SCOTUS to hear case on the nature of the immunity granted to international organizations.
On May 21, 2018, the Supreme Court of the United States (SCOTUS) agreed to hear a case involving the International Organizations Immunities Act (IOIA). Enacted in 1945, the IOIA affords international organizations the “same immunity” from a lawsuit that a foreign government would have.
What is interesting about this case is the question of exactly what type of immunity the IOIA will bestow upon international organizations (IOs): sovereign immunity as it existed before the enactment of the Foreign Sovereign Immunities Act (FSIA) of 1976 or did the IOIA’s 1945 immunity somehow evolve to become co-terminus with FSIA immunity after 1976?
In taking this case, SCOTUS will not only resolve this question, but it will also resolve a split in the circuits on the nature of the IOIA immunity.
An Overview of the Case
This case was brought by a group of fishermen and citizens of India who asserted “that their way of life has been devastated by [a] power plant.” The building of the plant was funded by the International Finance Corporation (IFC), which is “an international organization founded in 1956 with over 180 member countries.” The IFC is headquartered in Washington.
In accordance with the IFC’s policy to prevent social and environmental damage, the IFC’s loan to the power plant “included an Environmental and Social Action Plan designed to protect the surrounding communities.” Unfortunately, according to the IFC’s own internal audit “the plant’s construction and operation did not comply with the Plan” and the IFC “did not take any steps to force the loan recipients into compliance with the Plan.” The fishermen’s claims were therefore “almost entirely based on tort: negligence, negligent nuisance, and trespass.” In addition, the fishermen asserted that “the IFC is not immune to these claims, and, even if it was statutorily entitled to immunity, it has waived immunity.”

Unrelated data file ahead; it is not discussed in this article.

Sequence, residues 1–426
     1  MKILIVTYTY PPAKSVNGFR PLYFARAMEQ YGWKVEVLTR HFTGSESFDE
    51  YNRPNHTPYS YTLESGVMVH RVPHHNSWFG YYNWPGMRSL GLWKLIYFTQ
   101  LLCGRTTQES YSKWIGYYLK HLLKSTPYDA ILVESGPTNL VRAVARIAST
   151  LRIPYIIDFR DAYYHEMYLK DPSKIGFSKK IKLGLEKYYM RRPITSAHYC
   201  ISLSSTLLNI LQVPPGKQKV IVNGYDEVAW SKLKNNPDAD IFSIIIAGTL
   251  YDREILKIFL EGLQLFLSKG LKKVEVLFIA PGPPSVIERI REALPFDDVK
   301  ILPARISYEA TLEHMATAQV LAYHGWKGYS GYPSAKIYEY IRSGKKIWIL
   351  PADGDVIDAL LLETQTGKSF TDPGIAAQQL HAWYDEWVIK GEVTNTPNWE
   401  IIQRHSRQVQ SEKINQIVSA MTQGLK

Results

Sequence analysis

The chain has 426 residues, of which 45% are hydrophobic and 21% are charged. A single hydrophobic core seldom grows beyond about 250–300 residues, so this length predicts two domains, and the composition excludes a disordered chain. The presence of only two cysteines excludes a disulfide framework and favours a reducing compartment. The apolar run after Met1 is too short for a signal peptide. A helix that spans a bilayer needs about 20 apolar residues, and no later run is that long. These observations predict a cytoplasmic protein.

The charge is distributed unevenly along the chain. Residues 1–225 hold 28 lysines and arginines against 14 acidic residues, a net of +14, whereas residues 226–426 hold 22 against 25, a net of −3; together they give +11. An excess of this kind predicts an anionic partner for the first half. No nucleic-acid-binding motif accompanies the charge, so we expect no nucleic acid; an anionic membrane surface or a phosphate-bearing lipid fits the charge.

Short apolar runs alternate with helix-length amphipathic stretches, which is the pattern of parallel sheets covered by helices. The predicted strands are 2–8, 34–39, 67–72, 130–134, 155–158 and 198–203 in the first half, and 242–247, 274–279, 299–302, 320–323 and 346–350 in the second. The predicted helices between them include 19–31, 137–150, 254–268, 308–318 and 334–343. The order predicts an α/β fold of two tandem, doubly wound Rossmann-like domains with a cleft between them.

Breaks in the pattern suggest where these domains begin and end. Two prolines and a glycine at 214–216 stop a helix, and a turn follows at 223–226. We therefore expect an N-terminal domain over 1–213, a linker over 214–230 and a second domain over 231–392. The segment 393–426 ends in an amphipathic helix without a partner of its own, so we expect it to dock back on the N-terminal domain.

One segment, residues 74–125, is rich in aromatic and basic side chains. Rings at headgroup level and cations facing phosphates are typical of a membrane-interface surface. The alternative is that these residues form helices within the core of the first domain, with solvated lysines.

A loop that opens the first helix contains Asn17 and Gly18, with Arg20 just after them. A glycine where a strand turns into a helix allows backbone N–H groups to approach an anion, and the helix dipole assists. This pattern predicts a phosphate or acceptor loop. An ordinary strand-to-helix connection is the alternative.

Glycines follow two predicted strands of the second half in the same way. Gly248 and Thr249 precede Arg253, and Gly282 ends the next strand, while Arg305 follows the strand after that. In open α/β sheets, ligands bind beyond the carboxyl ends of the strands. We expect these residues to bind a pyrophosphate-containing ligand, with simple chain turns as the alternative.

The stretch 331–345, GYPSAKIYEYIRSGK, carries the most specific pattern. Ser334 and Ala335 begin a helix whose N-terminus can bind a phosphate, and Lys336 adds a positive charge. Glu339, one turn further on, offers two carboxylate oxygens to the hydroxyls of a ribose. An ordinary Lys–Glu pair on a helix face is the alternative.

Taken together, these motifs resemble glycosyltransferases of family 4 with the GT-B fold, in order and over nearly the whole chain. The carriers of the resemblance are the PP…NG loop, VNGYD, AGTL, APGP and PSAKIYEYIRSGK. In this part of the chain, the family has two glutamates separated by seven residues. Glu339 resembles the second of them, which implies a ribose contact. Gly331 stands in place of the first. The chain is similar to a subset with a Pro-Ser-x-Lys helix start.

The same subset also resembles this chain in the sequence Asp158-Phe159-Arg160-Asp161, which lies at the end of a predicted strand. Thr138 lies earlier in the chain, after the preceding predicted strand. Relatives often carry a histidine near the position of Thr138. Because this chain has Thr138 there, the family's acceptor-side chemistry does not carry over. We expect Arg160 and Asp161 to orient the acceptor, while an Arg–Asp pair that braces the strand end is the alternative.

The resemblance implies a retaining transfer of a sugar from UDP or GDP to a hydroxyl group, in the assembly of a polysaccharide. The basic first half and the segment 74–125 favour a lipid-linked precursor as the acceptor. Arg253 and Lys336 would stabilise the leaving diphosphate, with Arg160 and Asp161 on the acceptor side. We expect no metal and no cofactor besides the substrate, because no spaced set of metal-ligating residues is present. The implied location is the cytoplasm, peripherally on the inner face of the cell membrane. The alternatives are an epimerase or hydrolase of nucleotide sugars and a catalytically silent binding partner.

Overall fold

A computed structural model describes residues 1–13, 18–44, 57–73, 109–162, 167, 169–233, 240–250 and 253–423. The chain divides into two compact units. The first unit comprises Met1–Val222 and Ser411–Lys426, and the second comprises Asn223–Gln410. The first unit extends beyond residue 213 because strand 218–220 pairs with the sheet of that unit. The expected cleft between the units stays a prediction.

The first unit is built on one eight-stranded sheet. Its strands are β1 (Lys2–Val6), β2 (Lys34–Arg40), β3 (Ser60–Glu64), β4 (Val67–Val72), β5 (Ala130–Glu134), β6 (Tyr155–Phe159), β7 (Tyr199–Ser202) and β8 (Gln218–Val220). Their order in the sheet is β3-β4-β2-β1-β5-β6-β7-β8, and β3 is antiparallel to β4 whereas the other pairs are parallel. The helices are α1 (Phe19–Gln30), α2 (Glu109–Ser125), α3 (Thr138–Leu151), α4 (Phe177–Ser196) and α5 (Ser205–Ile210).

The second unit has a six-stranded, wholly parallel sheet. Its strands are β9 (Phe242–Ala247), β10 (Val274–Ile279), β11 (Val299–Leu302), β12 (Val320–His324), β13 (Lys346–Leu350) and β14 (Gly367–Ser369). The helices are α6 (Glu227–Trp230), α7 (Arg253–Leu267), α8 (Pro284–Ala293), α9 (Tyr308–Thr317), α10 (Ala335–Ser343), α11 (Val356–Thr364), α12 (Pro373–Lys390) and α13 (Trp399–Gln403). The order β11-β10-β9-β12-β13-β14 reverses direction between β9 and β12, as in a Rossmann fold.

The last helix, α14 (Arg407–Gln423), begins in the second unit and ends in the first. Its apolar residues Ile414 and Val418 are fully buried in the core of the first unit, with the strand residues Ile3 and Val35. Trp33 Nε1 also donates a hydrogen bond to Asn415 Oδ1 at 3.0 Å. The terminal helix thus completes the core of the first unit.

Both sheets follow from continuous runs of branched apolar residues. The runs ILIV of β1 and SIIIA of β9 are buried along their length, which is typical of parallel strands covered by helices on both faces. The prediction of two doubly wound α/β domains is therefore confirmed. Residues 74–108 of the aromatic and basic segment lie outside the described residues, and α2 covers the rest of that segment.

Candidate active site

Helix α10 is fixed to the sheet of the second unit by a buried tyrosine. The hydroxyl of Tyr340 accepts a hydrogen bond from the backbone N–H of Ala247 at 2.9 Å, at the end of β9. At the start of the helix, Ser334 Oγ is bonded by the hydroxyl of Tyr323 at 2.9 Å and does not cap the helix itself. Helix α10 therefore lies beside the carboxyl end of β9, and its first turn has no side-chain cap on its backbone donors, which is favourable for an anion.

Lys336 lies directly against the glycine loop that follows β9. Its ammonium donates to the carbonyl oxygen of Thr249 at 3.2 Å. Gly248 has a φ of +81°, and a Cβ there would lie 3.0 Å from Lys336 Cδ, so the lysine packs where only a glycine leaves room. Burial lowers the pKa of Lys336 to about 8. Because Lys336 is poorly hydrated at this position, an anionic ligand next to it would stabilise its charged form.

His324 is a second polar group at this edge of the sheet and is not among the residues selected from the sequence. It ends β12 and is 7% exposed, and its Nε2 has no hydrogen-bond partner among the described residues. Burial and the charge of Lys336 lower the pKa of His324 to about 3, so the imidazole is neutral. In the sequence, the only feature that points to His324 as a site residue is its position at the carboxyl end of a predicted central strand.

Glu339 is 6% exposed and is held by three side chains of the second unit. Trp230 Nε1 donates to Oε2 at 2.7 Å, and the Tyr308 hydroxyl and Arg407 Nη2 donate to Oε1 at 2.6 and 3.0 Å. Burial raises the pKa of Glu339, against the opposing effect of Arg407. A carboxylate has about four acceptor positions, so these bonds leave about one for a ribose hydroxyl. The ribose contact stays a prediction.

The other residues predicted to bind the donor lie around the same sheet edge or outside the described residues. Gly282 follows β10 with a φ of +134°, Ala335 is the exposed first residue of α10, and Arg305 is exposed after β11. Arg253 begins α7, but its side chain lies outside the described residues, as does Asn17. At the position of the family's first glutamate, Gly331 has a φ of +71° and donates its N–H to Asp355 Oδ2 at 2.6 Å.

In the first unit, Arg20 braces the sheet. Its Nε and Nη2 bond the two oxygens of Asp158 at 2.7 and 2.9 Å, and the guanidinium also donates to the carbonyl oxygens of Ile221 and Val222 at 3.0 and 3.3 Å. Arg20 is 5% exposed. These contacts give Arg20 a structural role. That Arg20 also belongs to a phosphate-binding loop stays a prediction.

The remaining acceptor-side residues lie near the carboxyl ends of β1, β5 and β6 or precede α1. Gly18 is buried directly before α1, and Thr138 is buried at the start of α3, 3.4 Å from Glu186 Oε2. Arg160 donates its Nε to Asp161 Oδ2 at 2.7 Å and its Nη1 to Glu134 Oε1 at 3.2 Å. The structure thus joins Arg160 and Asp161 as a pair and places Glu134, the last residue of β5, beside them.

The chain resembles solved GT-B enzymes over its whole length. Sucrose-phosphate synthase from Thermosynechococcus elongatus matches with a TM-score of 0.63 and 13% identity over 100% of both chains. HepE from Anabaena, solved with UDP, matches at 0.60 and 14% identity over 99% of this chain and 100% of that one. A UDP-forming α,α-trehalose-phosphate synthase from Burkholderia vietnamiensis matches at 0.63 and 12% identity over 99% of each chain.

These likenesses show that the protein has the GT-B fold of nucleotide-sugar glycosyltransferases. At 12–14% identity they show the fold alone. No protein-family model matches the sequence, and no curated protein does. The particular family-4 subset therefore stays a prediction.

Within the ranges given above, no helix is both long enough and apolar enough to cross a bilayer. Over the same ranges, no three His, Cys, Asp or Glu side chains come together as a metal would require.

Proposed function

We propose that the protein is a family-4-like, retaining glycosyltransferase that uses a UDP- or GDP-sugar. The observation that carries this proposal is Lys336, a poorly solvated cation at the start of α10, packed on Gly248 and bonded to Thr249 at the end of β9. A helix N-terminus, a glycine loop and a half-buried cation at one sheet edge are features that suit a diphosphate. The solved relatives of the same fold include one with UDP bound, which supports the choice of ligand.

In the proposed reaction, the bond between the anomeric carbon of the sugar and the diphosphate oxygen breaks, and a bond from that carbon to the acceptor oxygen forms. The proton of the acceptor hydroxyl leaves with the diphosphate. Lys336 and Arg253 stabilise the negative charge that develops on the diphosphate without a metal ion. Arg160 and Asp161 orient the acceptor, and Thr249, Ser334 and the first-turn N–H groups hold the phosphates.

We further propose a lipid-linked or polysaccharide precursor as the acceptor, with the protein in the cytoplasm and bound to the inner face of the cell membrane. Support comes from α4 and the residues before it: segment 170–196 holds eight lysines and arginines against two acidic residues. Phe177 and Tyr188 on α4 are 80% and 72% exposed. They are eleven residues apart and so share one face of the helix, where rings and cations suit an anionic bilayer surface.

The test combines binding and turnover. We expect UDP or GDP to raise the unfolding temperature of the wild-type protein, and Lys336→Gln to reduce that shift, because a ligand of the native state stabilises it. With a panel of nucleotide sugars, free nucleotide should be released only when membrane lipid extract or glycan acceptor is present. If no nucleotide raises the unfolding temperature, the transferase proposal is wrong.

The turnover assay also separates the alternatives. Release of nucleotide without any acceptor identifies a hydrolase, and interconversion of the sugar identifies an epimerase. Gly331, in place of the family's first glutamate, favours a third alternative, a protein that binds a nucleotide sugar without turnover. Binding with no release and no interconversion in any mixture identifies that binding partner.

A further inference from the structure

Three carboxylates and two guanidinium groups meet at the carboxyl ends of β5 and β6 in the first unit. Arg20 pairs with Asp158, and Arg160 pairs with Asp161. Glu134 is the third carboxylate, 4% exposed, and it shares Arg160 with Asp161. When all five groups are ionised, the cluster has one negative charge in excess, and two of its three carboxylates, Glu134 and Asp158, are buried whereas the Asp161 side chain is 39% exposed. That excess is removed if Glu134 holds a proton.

Both the trial court and the court of appeals dismissed all of the fishermen’s claims on grounds that the IFC had immunity under the IOIA.
The Trial Court’s Ruling
The appellate court observed that under the IOIA, international organizations “shall enjoy the same immunity from suit . . . as is enjoyed by foreign governments, except to the extent that such organizations may expressly waive their immunity for the purpose of any proceedings or by the terms of any contract.” (sic.) Which IOs are entitled to IOIA immunity is a matter of Presidential discretion.